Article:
Electrode Placement: One triode surface electrode is placed vertically under the chin. The two active electrodes are aligned centrally, spaced evenly between the inferior tip of the mandible and the thyroid cartilage (figure 5). Palpation is required for accurate placement.
Modified Valsalva / Effortful Swallows
A common diagnostic finding in the dysphagic population is decreased or weakened contraction of the pharyngeal constrictors responsible for propulsion of the bolus through the pharynx. Weakness of these muscles results in post-swallow pharyngeal residual of the bolus, placing the patient at risk for post swallow aspiration. A modified valsalva swallow, or hard swallow can be used as a compensatory strategy to aid pharyngeal clearing during a meal and also as an indirect exercise for increasing pharyngeal constriction. The superior, middle and inferior constrictors are internal pharyngeal muscles that are not easily accessible by surface electrode. Direct EMG measurement of these muscles is not feasible. Although further investigation is required to specifically document the correlation, clinical practice demonstrates a functional relationship between increased pharyngeal constriction and contraction of the submandibular musculature. Thus, in focusing treatment on increased pharyngeal contraction, the electrodes are placed to target the suprahyoid musculature. This muscle group specifically includes the anterior belly of digastric muscle, the stylohyoid muscle, and the mylohyoid muscle. Collectively, these muscles are responsible primarily for elevation of the larynx and tongue and anterior displacement of the cricoid, hyoid, larynx, trachea and tongue. The stylohyoid adds a component of posterior displacement of the above structures with obliteration of the oropharynx.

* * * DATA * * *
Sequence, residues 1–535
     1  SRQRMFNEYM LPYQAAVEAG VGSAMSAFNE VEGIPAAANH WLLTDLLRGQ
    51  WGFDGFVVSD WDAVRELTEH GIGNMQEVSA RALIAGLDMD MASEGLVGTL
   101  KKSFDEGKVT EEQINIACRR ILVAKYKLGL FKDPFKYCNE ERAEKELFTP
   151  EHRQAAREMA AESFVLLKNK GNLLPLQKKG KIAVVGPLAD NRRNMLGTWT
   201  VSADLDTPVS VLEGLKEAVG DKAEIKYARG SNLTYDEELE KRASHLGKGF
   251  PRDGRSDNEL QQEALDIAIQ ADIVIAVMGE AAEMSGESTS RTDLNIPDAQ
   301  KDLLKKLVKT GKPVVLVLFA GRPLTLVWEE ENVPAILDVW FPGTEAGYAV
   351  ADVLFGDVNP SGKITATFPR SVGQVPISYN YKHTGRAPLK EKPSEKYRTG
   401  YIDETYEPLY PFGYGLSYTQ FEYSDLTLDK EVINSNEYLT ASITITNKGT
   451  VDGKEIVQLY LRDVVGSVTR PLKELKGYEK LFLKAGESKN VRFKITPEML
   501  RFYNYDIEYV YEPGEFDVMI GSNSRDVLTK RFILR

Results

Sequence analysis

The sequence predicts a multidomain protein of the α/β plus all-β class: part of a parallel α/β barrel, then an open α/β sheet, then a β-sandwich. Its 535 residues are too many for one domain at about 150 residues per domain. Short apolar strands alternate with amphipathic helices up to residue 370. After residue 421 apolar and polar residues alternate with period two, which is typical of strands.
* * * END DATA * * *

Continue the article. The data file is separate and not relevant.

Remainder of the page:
The patient should initially be educated clearly as to the nature of swallowing impairment and the goals of intervention. The therapist demonstrates the technique on his or herself with biofeedback monitoring in place. After electrodes are placed on the patient, he or she is then asked to attempt the strategy by swallowing hard and tightening the muscles in the neck and shoulders during the swallow. The patient is cued to produce high EMG peaks of short duration on the video monitor (figure 6). The treatment objective is production of increasingly higher readings. A quota for expected increase is set for each treatment session. Changes in readings are graphed to document progress.